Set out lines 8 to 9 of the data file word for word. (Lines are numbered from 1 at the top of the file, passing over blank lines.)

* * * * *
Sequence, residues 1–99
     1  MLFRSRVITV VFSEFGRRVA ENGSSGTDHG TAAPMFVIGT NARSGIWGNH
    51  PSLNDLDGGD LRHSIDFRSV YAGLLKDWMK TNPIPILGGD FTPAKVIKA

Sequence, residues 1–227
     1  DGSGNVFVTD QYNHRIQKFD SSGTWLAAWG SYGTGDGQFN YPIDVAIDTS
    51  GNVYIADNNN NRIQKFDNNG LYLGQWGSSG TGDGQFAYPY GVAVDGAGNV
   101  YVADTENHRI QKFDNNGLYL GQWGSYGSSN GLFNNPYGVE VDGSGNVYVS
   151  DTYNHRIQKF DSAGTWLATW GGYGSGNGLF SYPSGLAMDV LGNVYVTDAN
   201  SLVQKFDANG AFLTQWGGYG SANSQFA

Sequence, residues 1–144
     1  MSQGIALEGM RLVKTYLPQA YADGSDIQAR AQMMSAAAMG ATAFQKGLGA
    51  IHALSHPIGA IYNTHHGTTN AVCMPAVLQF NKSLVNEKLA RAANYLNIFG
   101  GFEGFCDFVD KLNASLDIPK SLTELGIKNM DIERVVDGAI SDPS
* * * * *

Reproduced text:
   151  DTYNHRIQKF DSAGTWLATW GGYGSGNGLF SYPSGLAMDV LGNVYVTDAN
   201  SLVQKFDANG AFLTQWGGYG SANSQFA